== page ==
Some overland and off-road adventurers prefer additional cross-pieces for rigging. A platform provides a full rectangular frame of slats for easier loading up and lashing down when it comes to carrying odd-shaped extras from weatherproof bags and luggage, cans of fuel or water, spare tires or other off-road essentials. A platform can also make it easy to integrate a rooftop tent.

Truck Racks

These rack crossbars attach to stanchions connected to the truck bed’s top railing. The added height of the bars over the bed allows you to use it for storage while creating additional carrying capacity above it. The crossbar height can typically be raised (to give clearance for items extending over the cab) or lowered (for smaller loads and improved aerodynamics). These racks are designed to fit a variety of standard truck bed sizes and have many options for accessories.

Instant Roof Racks

This roof rack style uses straps to attach to the top of vehicles without roof rails or built-in mounting points. Weight limits vary, but most carry up to 80 pounds of gear, including skis, snowboards, and surfboards. The strap pairs have thick padding to protect the roof of your ride and are secured inside the vehicle with a buckle. Instant roof racks are affordable and easy to use (and great for travel in ill-equipped rental cars), but they don’t have the stability or carrying capacity of more robust racks.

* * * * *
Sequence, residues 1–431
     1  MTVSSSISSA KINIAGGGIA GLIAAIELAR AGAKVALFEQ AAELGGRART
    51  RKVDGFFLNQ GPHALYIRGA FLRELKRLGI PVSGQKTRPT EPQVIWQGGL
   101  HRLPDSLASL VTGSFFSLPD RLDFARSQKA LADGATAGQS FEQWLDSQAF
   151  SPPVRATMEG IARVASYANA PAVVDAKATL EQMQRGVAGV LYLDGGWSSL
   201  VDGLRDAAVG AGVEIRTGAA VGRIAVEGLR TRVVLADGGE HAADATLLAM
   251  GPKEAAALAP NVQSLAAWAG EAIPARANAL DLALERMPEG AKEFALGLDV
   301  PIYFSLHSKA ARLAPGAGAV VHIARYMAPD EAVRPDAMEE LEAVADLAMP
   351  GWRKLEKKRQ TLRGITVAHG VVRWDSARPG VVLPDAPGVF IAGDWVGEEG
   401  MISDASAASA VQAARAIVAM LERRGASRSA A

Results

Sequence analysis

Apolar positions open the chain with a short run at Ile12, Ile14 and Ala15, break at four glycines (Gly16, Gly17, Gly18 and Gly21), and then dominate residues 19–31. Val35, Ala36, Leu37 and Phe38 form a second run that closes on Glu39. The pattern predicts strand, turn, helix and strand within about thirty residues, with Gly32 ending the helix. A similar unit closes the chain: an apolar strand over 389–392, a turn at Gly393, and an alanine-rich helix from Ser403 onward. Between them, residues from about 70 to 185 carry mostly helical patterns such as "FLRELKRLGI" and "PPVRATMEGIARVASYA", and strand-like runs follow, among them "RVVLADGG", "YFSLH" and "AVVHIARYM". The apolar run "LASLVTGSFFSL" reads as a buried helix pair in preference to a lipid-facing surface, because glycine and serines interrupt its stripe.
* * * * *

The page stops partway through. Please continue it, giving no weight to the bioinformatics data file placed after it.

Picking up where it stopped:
Roof Rack Materials

The best racks are strong, lightweight, and durable—factors influenced largely by the materials used.  

Plastic

Generally lightweight and affordable, they lack the strength and durability of their all-metal counterparts. Plastic parts can and will break. The more plastic components a rack system has, the more chances for failure.

Steel

Durable, strong, and, compared to aluminum, they’re also more affordable—though not as light as aluminum racks.

Aluminum

Usually the best overall option for roof racks, aluminum rack systems are significantly lighter than steel, and aluminum offers a higher load-carrying capacity. As a result, aluminum rack systems will be more expensive than steel or plastic models, but they’ll deliver better overall performance.

Additional Features

Aside from materials and overall design, there are a few other features to look out for when shopping for roof racks:

Low-Profile Design

Adding a roof rack (and then attachments on top of it) to your vehicle will create more wind resistance, decreasing your gas mileage and increasing road noise. To minimize that negative impact, look for aerodynamic, low-profile roof rack designs. With crossbars usually teardrop-shaped, they’ll create less wind resistance for a quieter ride and more economical driving. Add-on fairings are another option to boost wind resistance.

Lock System

Many racks can be locked in place with a key to keep them secured to your vehicle and prevent theft. This is especially important if you plan to either lock valuables to your rack, or if you plan to leave your roof rack on your vehicle—though for the reasons listed above (the extra gas needed), it’s a good idea to remove it when not in use.

All articles are for general informational purposes.  Each individual’s needs, preferences, goals and abilities may vary.  Be sure to obtain all appropriate training, expert supervision and/or medical advice before engaging in strenuous or potentially hazardous activity.